If you are a foreigner residing in Andalucia you are eligible for Covid vaccines even if you are not currently registered with the Andalucia Social Security health system. 

You will need to first ensure that you are empadronado or registered as a resident in the town hall for a minimum of 3 months, and obtain a certificate of empadronamiento (which is valid for 3 months). 

If you are a pensioner you will need the document S1 from your home country.

With these documents, and your passport and residence document you can obtain a tarjeta sanitaria or health card from your local ambulatorio (health centre). You will then be included in the vaccination programme and will be contacted (usually by phone) when your appointment is due.

The Junta de Andalucia (the regional government) recommends contacting the consulate of your country of origin for further advice on how to be included in the vaccination programme.


I am not a resident in Spain, can I get vaccinated here?

At present non-residents are not being offered vaccination. 


How safe is the vaccine?

To date more than 150 million doses of the vaccine have been given worldwide, and side effects have been very closely monitored.

The usual side effects common to most vaccines have been identified. These are generally mild such as a sore arm, tiredness, headache or aching joints for a few days. The very rare occurrence of a serious allergic reaction (anaphylaxis) is also a feature of all vaccines. No long-term complications have been reported.


Can I be vaccinated privately?

At present, the vaccines are exclusively controlled by the Andalucian Social Security health system and cannot be obtained elsewhere in Spain. 

During this season’s influenza vaccine program the flu vaccine was initially only available only through the Andalucia Social Security health system and later on was also made available through some private clinics.  

So far we have no information as to whether the same policy may be applied to Covid-19 vaccines. In the light of this it is recommended to have the vaccine through the Social Security health system if you are eligible. Should the situation change you will be alerted via this blog or by email if you are included on our waiting list.


Can I choose which vaccine I have?

Vaccines are given according to availability at the time, and you cannot choose. 


I have had Covid-19 infection. Do I still need the vaccine?

Most people who have had the infection will probably have some immunity for at least 8-10 months although it is not yet known if it may last longer. There have also been cases of reinfection after having recovered from the illness, so immunity is not guaranteed.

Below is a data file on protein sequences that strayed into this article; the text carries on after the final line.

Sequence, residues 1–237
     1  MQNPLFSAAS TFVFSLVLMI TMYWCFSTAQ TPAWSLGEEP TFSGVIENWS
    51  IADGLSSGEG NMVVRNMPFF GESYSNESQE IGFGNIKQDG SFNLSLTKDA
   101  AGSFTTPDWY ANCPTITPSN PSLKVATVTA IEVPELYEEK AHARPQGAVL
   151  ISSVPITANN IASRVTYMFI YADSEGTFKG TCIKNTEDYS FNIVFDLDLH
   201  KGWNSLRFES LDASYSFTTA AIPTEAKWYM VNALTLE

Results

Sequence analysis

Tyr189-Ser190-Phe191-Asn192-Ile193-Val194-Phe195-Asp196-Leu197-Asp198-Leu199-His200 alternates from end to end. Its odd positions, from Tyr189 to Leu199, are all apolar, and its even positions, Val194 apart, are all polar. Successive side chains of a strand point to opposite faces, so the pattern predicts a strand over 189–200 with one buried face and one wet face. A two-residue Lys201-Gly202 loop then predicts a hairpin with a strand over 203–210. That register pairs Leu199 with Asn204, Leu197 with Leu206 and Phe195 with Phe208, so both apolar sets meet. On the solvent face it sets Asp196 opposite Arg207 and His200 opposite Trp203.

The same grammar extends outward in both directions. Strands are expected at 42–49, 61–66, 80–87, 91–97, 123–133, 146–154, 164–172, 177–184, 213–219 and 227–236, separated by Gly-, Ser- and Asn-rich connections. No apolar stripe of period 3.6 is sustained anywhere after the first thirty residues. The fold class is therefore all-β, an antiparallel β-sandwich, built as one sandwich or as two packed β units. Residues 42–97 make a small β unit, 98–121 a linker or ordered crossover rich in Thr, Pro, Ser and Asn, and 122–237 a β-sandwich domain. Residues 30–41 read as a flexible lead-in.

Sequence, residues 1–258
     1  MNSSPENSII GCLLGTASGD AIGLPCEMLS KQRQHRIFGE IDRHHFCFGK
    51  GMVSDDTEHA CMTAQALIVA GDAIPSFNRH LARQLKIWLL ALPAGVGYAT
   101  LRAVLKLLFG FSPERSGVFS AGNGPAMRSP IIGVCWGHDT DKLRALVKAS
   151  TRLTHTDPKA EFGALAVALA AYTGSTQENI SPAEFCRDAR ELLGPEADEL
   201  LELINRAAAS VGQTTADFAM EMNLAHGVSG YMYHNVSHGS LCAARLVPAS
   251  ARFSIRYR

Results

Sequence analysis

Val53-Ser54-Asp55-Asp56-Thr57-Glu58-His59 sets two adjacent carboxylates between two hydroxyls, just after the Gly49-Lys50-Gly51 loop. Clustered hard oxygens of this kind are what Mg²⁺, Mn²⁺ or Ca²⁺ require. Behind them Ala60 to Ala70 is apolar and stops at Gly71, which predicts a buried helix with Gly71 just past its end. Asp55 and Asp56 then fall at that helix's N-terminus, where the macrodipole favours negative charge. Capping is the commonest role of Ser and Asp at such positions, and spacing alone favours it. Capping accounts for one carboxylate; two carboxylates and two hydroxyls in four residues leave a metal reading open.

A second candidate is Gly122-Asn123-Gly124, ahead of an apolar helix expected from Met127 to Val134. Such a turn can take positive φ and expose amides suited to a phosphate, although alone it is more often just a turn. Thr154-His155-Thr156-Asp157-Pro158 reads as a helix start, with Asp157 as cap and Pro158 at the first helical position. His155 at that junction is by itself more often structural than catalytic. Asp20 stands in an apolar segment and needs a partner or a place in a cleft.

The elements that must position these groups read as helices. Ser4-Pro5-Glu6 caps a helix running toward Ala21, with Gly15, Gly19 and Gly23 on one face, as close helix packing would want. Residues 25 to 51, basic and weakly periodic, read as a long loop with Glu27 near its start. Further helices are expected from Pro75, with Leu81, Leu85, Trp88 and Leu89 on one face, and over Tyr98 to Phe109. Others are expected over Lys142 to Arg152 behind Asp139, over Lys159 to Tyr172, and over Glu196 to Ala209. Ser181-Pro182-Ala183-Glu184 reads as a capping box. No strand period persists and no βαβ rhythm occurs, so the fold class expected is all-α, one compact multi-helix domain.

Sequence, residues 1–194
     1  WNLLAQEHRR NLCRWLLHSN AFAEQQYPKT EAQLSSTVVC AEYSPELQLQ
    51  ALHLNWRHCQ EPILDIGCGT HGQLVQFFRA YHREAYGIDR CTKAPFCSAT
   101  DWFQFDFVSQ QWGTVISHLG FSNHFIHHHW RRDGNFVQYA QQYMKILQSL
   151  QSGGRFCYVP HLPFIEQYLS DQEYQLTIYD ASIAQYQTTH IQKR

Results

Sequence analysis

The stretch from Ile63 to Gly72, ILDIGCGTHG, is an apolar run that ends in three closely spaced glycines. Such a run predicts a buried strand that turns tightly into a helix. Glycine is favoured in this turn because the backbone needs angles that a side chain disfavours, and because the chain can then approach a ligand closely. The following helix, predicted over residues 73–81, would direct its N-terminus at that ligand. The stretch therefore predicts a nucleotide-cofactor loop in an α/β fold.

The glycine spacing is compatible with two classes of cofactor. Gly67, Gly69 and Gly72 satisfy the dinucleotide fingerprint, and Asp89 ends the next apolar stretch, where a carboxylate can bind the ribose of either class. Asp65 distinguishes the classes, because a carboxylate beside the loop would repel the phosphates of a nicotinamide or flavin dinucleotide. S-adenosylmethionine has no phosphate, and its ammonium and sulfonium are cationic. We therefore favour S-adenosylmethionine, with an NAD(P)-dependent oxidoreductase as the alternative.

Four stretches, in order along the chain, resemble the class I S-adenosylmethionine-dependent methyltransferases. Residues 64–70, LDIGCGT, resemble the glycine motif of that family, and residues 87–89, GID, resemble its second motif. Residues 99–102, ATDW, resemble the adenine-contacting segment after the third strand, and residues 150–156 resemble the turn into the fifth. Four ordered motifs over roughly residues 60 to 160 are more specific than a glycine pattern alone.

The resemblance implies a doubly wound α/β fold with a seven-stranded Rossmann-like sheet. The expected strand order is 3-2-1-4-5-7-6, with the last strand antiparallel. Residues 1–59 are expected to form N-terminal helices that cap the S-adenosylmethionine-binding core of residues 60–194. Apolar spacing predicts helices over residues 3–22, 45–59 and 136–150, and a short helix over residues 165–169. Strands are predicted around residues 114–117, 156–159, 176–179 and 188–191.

It is very likely that vaccination will provide a better and longer lasting protection than the infection itself and vaccination in these people seems to be equally safe.

The current guidelines in Spain recommend vaccination for those who have had Covid-19 infection (and do not have any contraindications) with the following conditions:

  1. Anyone over 55 yrs should receive the normal vaccination scheme after they have recovered from the Covid infection and at least 14 days from the start of the illness.
  2. Anyone in a high risk group such as health care professionals, carers of vulnerable people etc should receive the normal vaccination scheme after they have recovered from the Covid infection and at least 14 days from the start of the illness. 
  3. Those aged 55 or less (even if they have risk factors) need only 1 dose which should be delayed until 6 months after the diagnosis of the infection.


Once vaccinated do I still need to take precautions?

It is not yet known if vaccinated people could still become infected without symptoms and unknowingly pass on that infection to others. 

It is also not known if new variants of the Covid-19 virus could cause illness in those already vaccinated. For these reasons the same precautions should be followed as for those unvaccinated.


Does the vaccine protect against the new UK variant of the virus?

Based on the data available so far, the currently used vaccines are effective against this and other strains that are commonly circulating in Europe


After I get vaccinated will Covid-19 tests show up positive?

The PCR and antigen tests will not show positive due to the vaccine (but could be positive due to a new infection).

Antibody tests may show positive and indicate a state of immunity. The ELISA  antibody is recommended in this case. Click here for more information about Covid-19 tests


I suffer from allergies. Can I have the vaccine?

The only absolute contraindication (must never be given) to the Pfizer, Moderna and AstraZeneca vaccines is a previous history of severe allergic reaction (e.g. anaphylaxis) to a component of that vaccine.

Examples are allergy to; polyethylene glycol (in the Pfizer and Moderna vaccines), and polysorbate (in the AstraZeneca vaccine).

A relative contraindication is giving the vaccine during pregnancy (that is to say the vaccine should be avoided, but in special circumstances may be given). This is not due to any known problems in pregnancy, but rather to a lack of sufficient data to be sure it is safe. Those at high risk of Covid-19 may be offered the vaccine after discussion with their doctor.

It is no contraindication (can be safely given) in the case of;

  1. Allergies to different components of other vaccines which are not present in the Covid-19 vaccine. 
  2. Food, animal, insect, environmental, latex or other allergies.





Dr. Anthony Crichton-Smith- GP


Categories: COVID-19,Vaccines
Post by: Atlantic Clinic on 11 Mar 2021